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South Africa’s State Trader Looks to Buy Diamonds Abroad

29 october 2012

South Africa’s State Diamond Trader (SDT) is looking to purchase rough diamonds from other countries, in particular Zimbabwe, as it was unable to procure sufficient local goods to advance South Africa’s beneficiation sector, Rapaport reported.
The trader noted shortcomings in its current operations since it can only buy run of mine production from local diamond mining companies, the majority of which is not suitable for cutting and polishing.
The SDT is a government entity mandated to buy up to 10 percent of South Africa’s run of mine diamond production to make available for local manufacturers to develop the country’s cutting and polishing industry. Critics of the legislation governing its operations have long argued that the run of mine production would not provide sufficient gem-quality diamonds to ensure a vibrant beneficiation industry.
Target clients generally require a narrow range of rough diamonds that produce round, 1 carat and larger, SI1+ clarity, I+ color polished stones, the trader explained in its annual report for fiscal year that ended March 31, 2012 published recently.
The trader reported that only 6 percent of South Africa’s production by volume, representing 51 percent by value, was suitable for beneficiation in the fiscal year. While the legislation is unlikely to change in the near future and local producers appear unwilling to supply better quality goods to the SDT beyond what they are required by law, the trader said it is looking at alternative sources from other countries.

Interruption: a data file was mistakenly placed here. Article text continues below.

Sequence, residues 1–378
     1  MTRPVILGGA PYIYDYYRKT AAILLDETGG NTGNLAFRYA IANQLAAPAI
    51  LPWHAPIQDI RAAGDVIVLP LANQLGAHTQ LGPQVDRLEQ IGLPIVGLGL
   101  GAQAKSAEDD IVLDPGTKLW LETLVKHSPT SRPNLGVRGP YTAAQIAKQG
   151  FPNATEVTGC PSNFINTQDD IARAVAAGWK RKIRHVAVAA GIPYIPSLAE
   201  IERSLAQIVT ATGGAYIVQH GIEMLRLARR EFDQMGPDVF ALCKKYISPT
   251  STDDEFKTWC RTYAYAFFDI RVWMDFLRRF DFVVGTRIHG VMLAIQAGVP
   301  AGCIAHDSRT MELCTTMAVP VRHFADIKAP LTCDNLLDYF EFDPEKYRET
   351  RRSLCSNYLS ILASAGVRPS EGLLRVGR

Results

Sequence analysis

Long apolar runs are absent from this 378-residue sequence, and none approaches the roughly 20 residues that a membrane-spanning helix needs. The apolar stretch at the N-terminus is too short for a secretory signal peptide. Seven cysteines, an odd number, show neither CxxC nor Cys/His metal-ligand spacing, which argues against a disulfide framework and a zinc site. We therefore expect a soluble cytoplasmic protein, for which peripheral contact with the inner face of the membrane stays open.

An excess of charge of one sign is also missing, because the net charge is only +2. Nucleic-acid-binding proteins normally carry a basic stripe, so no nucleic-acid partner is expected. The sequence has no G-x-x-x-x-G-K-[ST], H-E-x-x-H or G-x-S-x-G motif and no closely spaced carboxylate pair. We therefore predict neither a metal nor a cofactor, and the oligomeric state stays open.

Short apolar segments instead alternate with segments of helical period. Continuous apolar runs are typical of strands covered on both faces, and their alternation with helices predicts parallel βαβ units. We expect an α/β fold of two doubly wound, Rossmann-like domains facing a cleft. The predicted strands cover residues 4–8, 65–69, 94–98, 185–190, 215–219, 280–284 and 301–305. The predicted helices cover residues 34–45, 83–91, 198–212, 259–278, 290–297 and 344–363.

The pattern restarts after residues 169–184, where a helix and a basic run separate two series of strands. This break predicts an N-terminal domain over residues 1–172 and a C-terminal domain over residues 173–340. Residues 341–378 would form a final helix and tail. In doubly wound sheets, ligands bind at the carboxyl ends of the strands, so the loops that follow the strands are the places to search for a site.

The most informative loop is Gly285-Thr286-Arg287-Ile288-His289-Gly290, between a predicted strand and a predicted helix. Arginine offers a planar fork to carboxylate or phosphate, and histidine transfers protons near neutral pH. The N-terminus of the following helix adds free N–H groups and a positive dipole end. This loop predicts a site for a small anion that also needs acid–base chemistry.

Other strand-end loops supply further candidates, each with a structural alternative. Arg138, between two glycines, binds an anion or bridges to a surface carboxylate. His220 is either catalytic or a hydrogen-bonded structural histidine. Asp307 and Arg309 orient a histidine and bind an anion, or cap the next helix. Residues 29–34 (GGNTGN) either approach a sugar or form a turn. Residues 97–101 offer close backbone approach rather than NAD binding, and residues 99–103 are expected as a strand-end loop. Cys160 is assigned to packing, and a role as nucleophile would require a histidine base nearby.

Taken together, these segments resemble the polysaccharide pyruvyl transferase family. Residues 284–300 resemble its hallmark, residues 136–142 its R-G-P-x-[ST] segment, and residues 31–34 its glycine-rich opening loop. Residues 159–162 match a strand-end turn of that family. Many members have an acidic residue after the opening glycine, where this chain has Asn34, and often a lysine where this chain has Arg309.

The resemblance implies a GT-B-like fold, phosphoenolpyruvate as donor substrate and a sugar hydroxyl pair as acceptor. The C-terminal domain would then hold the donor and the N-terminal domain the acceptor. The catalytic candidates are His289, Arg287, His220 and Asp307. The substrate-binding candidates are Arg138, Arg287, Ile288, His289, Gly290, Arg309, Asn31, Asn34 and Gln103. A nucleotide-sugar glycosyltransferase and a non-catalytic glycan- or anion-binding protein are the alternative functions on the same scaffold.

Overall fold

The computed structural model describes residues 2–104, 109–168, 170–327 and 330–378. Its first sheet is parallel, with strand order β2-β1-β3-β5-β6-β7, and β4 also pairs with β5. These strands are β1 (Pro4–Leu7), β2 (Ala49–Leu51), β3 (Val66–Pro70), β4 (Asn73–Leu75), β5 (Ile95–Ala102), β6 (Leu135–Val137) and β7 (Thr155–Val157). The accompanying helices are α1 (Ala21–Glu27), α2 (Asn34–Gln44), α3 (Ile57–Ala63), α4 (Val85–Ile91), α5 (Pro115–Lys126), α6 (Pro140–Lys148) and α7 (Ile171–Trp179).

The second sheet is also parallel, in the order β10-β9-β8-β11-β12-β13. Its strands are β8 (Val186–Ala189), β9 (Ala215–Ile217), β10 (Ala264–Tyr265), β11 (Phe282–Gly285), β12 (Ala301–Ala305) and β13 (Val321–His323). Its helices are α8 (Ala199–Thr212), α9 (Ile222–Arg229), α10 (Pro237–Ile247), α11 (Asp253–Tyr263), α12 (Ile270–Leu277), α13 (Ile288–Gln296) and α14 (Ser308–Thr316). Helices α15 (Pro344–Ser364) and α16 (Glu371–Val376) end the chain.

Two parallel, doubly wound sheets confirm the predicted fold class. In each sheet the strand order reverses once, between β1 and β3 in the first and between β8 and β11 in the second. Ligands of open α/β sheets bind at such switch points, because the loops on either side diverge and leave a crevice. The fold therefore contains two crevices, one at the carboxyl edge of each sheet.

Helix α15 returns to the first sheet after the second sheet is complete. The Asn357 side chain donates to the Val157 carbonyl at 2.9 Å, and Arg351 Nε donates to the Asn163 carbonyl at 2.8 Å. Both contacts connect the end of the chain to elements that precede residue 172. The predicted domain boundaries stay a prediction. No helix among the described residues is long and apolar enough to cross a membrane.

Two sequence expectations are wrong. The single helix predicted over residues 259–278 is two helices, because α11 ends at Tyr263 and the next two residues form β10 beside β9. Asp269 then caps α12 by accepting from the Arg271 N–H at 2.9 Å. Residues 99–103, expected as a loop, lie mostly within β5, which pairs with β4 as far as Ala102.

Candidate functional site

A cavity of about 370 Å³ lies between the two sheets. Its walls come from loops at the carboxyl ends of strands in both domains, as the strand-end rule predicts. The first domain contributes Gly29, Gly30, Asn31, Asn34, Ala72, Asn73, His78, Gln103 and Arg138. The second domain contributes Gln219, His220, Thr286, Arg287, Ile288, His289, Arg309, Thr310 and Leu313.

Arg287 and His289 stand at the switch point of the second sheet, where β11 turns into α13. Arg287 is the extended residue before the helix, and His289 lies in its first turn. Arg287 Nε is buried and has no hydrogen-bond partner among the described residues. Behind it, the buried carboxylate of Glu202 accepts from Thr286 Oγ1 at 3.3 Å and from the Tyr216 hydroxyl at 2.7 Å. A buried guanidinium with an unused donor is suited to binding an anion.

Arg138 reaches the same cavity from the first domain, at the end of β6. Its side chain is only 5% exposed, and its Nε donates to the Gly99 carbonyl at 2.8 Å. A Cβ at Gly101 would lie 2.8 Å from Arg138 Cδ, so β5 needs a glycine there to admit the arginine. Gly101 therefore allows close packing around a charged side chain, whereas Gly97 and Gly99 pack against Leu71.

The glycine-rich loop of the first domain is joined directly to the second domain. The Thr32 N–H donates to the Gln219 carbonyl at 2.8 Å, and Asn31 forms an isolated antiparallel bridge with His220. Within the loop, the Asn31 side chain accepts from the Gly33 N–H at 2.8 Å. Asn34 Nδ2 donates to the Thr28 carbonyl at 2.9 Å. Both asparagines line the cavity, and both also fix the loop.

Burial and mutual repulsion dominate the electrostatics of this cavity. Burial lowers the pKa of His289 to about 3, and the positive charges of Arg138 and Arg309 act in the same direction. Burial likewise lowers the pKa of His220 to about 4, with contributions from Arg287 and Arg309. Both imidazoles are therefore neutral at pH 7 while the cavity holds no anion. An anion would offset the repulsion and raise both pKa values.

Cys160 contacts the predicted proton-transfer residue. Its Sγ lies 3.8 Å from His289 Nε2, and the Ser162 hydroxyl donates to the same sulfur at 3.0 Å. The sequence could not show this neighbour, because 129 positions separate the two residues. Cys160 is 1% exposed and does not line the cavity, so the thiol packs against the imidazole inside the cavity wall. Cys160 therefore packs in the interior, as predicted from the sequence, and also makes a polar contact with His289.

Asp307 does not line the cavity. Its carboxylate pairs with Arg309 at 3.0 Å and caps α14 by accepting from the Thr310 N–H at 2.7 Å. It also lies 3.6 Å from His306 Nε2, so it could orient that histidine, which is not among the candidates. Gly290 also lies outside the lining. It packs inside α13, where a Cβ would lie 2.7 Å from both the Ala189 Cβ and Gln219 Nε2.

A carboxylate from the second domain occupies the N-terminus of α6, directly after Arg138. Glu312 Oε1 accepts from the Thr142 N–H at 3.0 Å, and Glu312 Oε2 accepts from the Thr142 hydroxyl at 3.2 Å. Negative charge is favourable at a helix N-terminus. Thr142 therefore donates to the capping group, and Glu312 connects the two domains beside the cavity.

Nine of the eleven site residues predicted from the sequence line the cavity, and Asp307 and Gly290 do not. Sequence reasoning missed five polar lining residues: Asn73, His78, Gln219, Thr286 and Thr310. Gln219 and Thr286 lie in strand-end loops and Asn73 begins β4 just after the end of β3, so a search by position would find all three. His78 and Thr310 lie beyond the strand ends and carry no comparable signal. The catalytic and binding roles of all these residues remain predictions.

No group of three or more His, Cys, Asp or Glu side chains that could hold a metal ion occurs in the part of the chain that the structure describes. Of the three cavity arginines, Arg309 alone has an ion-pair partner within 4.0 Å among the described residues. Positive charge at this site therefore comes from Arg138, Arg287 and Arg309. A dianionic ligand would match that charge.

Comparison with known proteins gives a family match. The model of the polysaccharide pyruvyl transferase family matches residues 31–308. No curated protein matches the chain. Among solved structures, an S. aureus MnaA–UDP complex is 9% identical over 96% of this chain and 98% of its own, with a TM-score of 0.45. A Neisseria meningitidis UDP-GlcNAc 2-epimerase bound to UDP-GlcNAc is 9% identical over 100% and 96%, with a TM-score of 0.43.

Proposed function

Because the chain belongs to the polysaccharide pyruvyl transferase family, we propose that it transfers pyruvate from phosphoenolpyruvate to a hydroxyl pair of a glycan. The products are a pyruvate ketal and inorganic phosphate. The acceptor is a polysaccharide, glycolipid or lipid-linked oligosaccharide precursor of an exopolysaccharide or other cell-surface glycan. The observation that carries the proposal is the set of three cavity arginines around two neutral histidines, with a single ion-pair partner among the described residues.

“This risk [of unsuitable supply] could be mitigated by purchasing suitable rough diamonds from other countries,” said Yekani Tenza, the chairperson of SDT’s audit and risk management committee. “In this case the State Diamond Trader would not be bound by the run of mine purchasing format, effectively selecting rough diamonds suitable for cutting and polishing in South Africa.”
Tenza reported that progress has been made with regards to the possible purchase of goods from Zimbabwe but these have been held up by a number of logistical issues.
During the fiscal year that ended on March 31, 2012 the trader bought just 4 percent of the country’s production, compared with 9 percent in the previous year.
The trader reported that profits fell 45 percent to $1.5 million (ZAR 12.9 million) during the fiscal year.